IT consulting is booming as businesses transition to mobile and cloud-based computing.
By the Numbers
8.1%: Average net profit margin, according to Sageworks
$327.5 billion: Projected revenue for 2012, according to IBISWorld
427,904: Number of enterprises in 2012, according to IBISWorld
447,940: Number of enterprises projected for 2017, according to IBISWorld
4: Average number of employees per IT consulting firm, according to IBISWorld
200,000: Number of employees added in IT consulting from 2007 to 2012, and the number expected to be hired in the next five years
Why It's Hot
The prevalence of cloud computing is finally pushing companies to get rid of desktop computers, replacing them with mobile devices that allow employees to work from anywhere, anytime. "This year or next year, we’re going to see tablets outsell PCs," says Jack Plunkett, CEO of market research firm Plunkett Research. "People just want the mobility." But not all employees have the expertise to implement this technology or even to use it right off the bat. That provides a great opening for IT consultants.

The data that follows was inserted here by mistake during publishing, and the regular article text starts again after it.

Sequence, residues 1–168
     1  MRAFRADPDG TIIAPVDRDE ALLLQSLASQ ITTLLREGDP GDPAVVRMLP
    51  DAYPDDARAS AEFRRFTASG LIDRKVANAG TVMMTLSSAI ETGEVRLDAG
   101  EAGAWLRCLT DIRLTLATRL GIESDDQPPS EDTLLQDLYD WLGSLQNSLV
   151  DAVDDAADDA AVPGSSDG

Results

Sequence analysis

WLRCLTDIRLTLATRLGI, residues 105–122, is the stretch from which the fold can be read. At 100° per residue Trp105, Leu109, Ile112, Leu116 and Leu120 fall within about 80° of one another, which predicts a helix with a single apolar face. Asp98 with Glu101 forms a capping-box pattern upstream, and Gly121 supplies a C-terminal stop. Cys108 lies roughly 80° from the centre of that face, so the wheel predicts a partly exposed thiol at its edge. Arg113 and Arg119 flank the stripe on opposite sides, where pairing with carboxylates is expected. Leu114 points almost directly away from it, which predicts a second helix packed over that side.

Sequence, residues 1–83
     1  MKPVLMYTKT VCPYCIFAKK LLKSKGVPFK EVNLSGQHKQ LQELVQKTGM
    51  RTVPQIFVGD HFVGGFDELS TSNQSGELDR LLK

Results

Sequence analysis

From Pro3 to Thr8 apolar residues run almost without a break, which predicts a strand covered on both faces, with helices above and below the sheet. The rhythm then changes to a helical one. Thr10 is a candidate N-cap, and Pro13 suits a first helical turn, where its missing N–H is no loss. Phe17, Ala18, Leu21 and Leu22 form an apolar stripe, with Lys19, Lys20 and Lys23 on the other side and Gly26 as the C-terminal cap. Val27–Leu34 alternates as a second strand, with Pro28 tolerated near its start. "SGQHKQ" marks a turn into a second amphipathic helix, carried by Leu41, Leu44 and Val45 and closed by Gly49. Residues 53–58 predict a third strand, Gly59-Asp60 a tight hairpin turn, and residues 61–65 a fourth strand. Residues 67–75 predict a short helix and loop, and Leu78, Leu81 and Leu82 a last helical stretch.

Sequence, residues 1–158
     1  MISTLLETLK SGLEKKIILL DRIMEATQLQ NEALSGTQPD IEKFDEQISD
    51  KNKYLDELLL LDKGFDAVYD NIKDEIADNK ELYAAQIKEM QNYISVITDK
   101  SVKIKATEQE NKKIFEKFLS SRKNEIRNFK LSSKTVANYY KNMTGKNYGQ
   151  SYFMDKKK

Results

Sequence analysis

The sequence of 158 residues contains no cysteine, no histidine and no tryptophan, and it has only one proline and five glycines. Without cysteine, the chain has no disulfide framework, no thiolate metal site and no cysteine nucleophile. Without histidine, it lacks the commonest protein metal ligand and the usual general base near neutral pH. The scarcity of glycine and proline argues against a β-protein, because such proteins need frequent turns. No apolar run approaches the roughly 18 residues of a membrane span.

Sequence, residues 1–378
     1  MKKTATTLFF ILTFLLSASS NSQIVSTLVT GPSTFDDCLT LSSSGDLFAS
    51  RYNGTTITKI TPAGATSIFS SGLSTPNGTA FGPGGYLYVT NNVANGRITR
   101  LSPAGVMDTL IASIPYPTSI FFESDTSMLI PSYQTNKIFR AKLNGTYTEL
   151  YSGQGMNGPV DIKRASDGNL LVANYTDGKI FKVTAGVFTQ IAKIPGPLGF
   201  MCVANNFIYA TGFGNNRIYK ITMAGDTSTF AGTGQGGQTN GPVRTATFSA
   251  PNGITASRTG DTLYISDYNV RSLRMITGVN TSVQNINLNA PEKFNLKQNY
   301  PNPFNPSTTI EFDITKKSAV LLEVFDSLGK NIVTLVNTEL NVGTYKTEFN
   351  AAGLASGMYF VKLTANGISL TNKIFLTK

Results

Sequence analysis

Since 2007, the management and technology consulting industry has been growing by an average of 8.3% a year. Profit margins have grown at 8.1% annually, according to financial information provider Sageworks. Over the next five years, the industry is expected to grow a more slowly, at about 2.9% a year. But there's no shortage of opportunity: By 2017, IT consulting will be about a $379 billion market.
The industry's best customers are energy, healthcare, and other businesses that require a significant amount of customer interaction. They're aggressively seeking to move that interaction online, preferably to mobile devices. In many cases, IT consultants are on-site with their clients, reducing operating costs. Another alternative is to outsource IT, so you'll have to be able to convince would-be clients that you're a cost-effective alternative.
Barriers to Entry
Startup IT consulting firms face some of the same challenges as their would-be clients. Notable among them: Difficulty hiring tech-savvy workers. The talent pool has remained small, which means the IT consultants are in many cases competing with their clients for top tier staff.
JOHN MCDERMOTT is a business and culture reporter whose work has appeared in the Chicago Tribune and Playboy and on AOL.com. He recently moved from Chicago to Brooklyn, New York, to work for Inc.com. @J_M_McDermott